Selling Blue Chip Options

What history says about the chances of a stock market crash this year

From Brett Eversole, analyst, True Wealth Systems:
... The U.S. stock market [just closed] its best year since 1997... up around 32%.
Stocks moved up like clockwork this year. At a max, the market fell 6% from late May through late June. And we haven't seen a major "correction" in stocks since fall of 2011, when the market fell 19% in a few months.
This lack of volatility has a lot of folks scared. And it's easy to see why...
A shakeout in prices is healthy for any bull market. And without a downturn, investors continue to pile into stocks. Since it has been over two years since the last real correction, it's easy to believe that we're due for a price slump.
Personally, I expect to see HIGHER prices over the next two years. And when the next correction does come, it won't be a 2008-style crash.
Let me show you why...
As longtime readers know, I'm a bit of a number junkie. When you see folks in the mainstream media babbling on, they're usually tugging on your emotions... "fear" and "greed" are the two emotions often hit when it comes to markets.
But if someone stopped to ask for the facts – if they asked what history actually says – these arguments often fall apart. The mainstream media often sells a good story, not the facts.
Well, with all the recent bubble talk about stocks, I set out to see what we should really expect out of the market over the next few years... based on history, of course.
I looked at 60 years of data with a simple goal... find out how often stock downturns really happen. And more importantly, find out what determines their severity. I promise the results will surprise you...
Since 1953, we've seen 16 "bear markets" in U.S. stocks. My definition of a "bear market" is simply a sustained period of flat or down stock prices. (Specifically, either a 15%-plus fall in prices... or at least six months of price declines.)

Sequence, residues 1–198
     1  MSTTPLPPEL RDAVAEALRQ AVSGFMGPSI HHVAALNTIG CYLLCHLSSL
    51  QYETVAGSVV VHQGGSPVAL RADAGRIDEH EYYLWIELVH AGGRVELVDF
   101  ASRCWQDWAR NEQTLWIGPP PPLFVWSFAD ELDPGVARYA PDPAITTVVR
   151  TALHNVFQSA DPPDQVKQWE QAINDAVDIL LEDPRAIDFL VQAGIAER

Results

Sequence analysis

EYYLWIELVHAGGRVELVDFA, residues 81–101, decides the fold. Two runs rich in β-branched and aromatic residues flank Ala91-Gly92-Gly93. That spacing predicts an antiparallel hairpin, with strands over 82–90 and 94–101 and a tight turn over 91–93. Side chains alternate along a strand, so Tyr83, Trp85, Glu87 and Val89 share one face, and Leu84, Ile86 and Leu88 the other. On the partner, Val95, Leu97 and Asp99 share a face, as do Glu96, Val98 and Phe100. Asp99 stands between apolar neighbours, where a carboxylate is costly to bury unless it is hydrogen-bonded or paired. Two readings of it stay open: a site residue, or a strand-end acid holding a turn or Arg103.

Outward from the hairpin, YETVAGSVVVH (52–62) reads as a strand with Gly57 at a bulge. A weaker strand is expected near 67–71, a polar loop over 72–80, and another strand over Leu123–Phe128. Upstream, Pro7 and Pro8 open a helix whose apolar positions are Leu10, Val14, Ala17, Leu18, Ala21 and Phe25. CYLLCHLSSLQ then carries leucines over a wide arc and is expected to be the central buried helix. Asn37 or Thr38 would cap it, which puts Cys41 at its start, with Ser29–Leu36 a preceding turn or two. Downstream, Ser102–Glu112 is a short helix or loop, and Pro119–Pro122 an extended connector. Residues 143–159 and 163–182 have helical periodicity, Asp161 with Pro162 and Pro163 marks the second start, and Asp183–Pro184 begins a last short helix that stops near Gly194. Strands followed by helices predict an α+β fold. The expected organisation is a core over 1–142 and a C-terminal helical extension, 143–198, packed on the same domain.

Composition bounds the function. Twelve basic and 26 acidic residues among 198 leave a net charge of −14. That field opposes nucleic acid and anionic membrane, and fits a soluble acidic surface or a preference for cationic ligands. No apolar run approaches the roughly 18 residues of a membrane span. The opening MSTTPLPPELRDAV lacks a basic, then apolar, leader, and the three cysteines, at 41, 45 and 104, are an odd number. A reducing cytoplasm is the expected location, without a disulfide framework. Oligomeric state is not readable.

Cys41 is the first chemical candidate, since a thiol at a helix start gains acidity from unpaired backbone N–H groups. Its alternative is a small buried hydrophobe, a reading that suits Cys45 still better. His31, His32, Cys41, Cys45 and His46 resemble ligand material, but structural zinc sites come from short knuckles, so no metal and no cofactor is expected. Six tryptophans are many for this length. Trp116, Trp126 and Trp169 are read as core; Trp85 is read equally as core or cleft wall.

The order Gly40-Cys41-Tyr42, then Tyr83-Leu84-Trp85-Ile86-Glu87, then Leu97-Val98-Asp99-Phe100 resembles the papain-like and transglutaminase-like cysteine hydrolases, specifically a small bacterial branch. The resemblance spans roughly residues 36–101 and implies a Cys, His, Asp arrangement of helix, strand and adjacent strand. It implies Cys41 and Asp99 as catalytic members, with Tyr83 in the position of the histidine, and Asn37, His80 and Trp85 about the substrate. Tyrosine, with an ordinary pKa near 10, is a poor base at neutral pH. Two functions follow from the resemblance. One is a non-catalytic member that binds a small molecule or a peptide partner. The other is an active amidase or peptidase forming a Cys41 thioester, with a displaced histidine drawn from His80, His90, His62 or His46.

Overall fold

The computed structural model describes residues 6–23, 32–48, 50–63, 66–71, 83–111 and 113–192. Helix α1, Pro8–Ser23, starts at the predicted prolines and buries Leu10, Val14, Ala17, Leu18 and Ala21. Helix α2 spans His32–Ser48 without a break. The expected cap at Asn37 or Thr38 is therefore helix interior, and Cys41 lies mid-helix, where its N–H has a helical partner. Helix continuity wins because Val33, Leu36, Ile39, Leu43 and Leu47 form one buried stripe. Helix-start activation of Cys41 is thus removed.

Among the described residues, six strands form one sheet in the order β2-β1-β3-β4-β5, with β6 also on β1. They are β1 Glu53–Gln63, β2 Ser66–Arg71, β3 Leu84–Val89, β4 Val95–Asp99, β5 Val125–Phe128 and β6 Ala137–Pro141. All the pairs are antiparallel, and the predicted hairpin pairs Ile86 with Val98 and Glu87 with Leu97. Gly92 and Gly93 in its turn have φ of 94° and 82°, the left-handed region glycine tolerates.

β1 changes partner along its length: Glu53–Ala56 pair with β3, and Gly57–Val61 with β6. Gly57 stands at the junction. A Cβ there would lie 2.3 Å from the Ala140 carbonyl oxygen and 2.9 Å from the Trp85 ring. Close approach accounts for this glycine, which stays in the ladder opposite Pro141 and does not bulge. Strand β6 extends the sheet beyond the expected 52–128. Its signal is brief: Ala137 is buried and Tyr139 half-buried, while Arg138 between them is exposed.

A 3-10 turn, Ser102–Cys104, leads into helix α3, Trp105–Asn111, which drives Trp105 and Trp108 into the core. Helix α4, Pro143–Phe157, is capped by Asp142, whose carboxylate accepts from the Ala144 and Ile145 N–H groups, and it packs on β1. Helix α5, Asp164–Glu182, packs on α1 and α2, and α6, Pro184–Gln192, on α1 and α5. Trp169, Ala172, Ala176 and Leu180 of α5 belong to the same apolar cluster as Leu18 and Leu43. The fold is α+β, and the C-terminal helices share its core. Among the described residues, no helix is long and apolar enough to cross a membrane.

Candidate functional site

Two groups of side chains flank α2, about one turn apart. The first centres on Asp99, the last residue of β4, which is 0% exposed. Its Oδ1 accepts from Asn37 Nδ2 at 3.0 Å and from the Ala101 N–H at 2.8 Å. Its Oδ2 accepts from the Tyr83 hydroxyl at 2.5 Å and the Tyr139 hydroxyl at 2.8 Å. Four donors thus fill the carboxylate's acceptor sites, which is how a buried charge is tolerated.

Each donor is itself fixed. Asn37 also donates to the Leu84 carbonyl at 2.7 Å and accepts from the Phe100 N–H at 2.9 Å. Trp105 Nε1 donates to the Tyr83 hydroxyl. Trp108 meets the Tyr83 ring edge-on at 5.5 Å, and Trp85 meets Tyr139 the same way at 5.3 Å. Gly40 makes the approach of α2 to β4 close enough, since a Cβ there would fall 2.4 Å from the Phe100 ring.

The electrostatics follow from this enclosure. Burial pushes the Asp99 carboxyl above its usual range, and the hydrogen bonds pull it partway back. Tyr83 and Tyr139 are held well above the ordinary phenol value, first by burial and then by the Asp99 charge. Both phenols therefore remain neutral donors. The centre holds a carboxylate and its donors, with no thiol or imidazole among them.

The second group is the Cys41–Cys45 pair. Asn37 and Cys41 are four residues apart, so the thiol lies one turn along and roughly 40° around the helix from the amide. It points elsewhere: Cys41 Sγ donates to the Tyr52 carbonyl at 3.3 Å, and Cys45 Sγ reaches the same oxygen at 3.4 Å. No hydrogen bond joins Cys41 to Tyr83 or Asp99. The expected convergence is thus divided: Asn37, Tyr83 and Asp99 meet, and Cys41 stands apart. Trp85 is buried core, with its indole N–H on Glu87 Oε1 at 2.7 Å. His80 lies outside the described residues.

With 16 bear markets over a 60-year testing period, we're "due" for a bear market every four years. And our last bear market occurred just two years ago, in late 2011.
Said another way, the idea that we're "due" for a big downturn in stocks simply isn't true. Based on history, we should expect another two years of gains before the next bear market.
But here's what's even more important...
When the next bear market begins, history says it won't be a 2008-style bust in stocks. Here's why...
My testing uncovered an interesting quirk in our 16 bear markets. It turns out that when stocks fall during a recession, the fall tends to be much more severe. The table below shows what I mean...

Bear Markets

Average Loss

Length (months)




No Recession



As you can see, bear markets last around twice as long during a recession. And they cause an average fall of 38% in recessions versus just 18% in non-recessions.
In short, when the U.S. economy stinks, bear markets in U.S. stocks are much worse. And that's great news today.
You see, while the U.S. appears to be stuck with slow growth, there is no recession in sight. No major economists are signaling a recession today. And our favorite indicators say we're in the clear as well.
For stock investors, that means when the next correction does arrive, it won't be 2008-style. History shows it will be more like the 19% fall we saw in 2011.
And again, history is clear that we're not "due" for that correction to happen today.
When will the next downward move in stocks arrive? That's a question no one can answer for sure. But when it does, I urge you not to panic like the masses.
The next correction won't be a crash. It'll simply be a bump on the road to higher highs. And I'll be happy to use it as an opportunity to buy.
Crux note: Stansberry & Associates spent over $1 million dollars helping Brett and editor Steve Sjuggerud develop the strategies they use in True Wealth Systems. The data they use costs six figures a year, and they have a team of programmers headed by a PhD in math responsible for the deep "number crunching." They now track 48 systems every month… and they're always testing for new ideas. You can learn about a few of their most profitable strategies right here.
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